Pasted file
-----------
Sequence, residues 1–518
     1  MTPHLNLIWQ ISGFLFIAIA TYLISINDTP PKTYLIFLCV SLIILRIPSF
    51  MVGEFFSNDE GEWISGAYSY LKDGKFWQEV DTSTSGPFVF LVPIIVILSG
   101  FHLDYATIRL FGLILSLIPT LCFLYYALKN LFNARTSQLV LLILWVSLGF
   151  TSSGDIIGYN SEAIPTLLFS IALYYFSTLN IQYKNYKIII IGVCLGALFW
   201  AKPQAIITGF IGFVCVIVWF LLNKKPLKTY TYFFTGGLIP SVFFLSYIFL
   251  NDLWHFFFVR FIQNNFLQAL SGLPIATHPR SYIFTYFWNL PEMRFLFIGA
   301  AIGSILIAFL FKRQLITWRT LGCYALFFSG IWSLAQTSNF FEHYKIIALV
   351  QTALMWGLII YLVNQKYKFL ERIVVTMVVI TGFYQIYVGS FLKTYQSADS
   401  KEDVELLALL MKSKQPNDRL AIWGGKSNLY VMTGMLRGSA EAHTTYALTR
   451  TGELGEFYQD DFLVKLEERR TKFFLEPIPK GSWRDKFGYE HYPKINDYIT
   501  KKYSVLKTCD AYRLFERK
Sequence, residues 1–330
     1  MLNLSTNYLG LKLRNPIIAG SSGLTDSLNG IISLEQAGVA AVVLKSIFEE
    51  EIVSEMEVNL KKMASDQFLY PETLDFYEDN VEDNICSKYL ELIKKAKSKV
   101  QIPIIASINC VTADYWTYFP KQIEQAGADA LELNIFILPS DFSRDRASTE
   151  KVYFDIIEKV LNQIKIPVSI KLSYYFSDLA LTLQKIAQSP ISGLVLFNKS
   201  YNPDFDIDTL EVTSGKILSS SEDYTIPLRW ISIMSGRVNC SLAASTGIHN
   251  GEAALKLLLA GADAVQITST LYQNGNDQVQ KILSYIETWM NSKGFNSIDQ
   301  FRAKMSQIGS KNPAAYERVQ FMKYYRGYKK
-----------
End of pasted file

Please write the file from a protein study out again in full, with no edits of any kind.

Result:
Sequence, residues 1–518
     1  MTPHLNLIWQ ISGFLFIAIA TYLISINDTP PKTYLIFLCV SLIILRIPSF
    51  MVGEFFSNDE GEWISGAYSY LKDGKFWQEV DTSTSGPFVF LVPIIVILSG
   101  FHLDYATIRL FGLILSLIPT LCFLYYALKN LFNARTSQLV LLILWVSLGF
   151  TSSGDIIGYN SEAIPTLLFS IALYYFSTLN IQYKNYKIII IGVCLGALFW
   201  AKPQAIITGF IGFVCVIVWF LLNKKPLKTY TYFFTGGLIP SVFFLSYIFL
   251  NDLWHFFFVR FIQNNFLQAL SGLPIATHPR SYIFTYFWNL PEMRFLFIGA
   301  AIGSILIAFL FKRQLITWRT LGCYALFFSG IWSLAQTSNF FEHYKIIALV
   351  QTALMWGLII YLVNQKYKFL ERIVVTMVVI TGFYQIYVGS FLKTYQSADS
   401  KEDVELLALL MKSKQPNDRL AIWGGKSNLY VMTGMLRGSA EAHTTYALTR
   451  TGELGEFYQD DFLVKLEERR TKFFLEPIPK GSWRDKFGYE HYPKINDYIT
   501  KKYSVLKTCD AYRLFERK
Sequence, residues 1–330
     1  MLNLSTNYLG LKLRNPIIAG SSGLTDSLNG IISLEQAGVA AVVLKSIFEE
    51  EIVSEMEVNL KKMASDQFLY PETLDFYEDN VEDNICSKYL ELIKKAKSKV
   101  QIPIIASINC VTADYWTYFP KQIEQAGADA LELNIFILPS DFSRDRASTE
   151  KVYFDIIEKV LNQIKIPVSI KLSYYFSDLA LTLQKIAQSP ISGLVLFNKS
   201  YNPDFDIDTL EVTSGKILSS SEDYTIPLRW ISIMSGRVNC SLAASTGIHN
   251  GEAALKLLLA GADAVQITST LYQNGNDQVQ KILSYIETWM NSKGFNSIDQ
   301  FRAKMSQIGS KNPAAYERVQ FMKYYRGYKK